The first liquefacation of gas, id est transformation of the gas state into the liquid state was performed by a British physicist and chemist Michael Faraday (1791–1867).
In 1883, two professors from the Jagiellonian University - Zygmunt Wróblewski and Karol Olszewski – managed to liquefy oxygen and nitrogen from atmospheric air. However, cooling and liquefacation technologies that can be implemented in cooling equipment were patented in 1896 by a German engineer and entrepreneur Karl Paul Gottfried von Linde, who in 1873 constructed the first cooling equipment in Europe.
However, the first cooler in the world appeared in Australia and was designed and built by a Scotsman - James Harrisson, printer and journalist by profession. The original technological concept served to cool the air and was put into use for the first time in the foods sector.
The cooling and liquefacation technology of natural gas was implemented for the first time in the United States. The first facility for liquefying LNG was opened in western Virginia in 1917, and the first commercial liquefacation facility was constructed in Cleveland, Ohio (USA) in 1941.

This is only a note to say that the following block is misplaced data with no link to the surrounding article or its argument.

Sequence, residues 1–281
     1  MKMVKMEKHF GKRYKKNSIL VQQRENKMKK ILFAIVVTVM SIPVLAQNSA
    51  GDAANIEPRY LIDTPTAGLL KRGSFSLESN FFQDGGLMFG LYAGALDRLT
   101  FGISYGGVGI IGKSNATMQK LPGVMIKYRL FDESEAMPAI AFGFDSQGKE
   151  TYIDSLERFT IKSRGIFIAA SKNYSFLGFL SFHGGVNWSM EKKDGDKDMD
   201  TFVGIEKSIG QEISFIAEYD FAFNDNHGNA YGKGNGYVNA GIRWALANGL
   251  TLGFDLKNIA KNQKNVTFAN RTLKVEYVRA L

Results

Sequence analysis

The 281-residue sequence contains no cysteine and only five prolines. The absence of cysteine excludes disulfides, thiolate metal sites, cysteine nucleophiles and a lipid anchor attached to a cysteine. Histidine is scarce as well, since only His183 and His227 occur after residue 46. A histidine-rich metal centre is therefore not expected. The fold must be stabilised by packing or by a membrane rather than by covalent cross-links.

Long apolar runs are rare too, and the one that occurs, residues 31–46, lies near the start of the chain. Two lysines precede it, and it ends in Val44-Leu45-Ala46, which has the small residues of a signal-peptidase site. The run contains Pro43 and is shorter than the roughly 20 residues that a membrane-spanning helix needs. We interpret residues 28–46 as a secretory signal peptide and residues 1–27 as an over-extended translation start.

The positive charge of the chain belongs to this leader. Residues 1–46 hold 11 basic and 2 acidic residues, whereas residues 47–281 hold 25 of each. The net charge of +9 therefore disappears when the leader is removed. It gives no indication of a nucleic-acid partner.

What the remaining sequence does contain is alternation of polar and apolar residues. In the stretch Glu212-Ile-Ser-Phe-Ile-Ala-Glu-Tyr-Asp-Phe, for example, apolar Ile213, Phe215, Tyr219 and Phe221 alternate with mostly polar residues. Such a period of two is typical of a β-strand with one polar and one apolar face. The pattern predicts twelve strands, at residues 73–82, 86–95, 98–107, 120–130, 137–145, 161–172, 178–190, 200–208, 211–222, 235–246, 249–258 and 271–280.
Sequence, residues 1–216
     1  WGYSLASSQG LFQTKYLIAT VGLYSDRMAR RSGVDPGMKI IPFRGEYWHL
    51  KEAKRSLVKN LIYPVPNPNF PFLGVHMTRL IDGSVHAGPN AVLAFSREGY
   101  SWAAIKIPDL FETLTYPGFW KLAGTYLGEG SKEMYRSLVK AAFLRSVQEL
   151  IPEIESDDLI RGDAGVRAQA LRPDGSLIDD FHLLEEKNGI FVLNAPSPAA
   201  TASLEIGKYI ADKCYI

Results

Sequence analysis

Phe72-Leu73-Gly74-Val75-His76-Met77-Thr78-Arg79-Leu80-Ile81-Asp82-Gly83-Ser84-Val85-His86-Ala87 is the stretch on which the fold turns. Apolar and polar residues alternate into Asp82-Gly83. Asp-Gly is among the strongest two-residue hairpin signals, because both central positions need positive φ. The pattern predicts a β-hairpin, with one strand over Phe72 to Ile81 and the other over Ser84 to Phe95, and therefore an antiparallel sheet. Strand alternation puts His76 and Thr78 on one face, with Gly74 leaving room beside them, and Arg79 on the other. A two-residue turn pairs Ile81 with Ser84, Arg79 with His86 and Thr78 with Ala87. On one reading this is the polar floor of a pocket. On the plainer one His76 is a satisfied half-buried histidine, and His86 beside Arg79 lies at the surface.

The first transport of Liquefied Natural Gas took place after the Second World War. In January 1959, “The Methane Pioneer", an adapted transporter ship that was used in the Second World War, sailed out of Lake Charles in Louisiana (USA) with a load including LNG, in order to reach its destination - Canvey Island in Great Britain.
After the first and subsequent seven successful transports of LNG via ships, the British Gas Council decided to import LNG from Venezuela. However, in connection with the discovery of deposits in Libya and Algeria, countries located much nearer Great Britain than Venezuela it was ultimately decided to import LNG from Algeria, which thus became the first exporter of LNG in the world. The first commercial delivery of LNG from Algeria to the British market took place in 1964. LNG supplies to Great Britain did not withstand the competition with deposits discovered in the North Sea.
The 70’s and 80’s brought a heightened interest in LNG. In Asian countries, mainly Japan and Korea, the construction of power plants were commenced which were intended to be fuelled by natural gas. This significantly contributed to better conditions for harnessing LNG.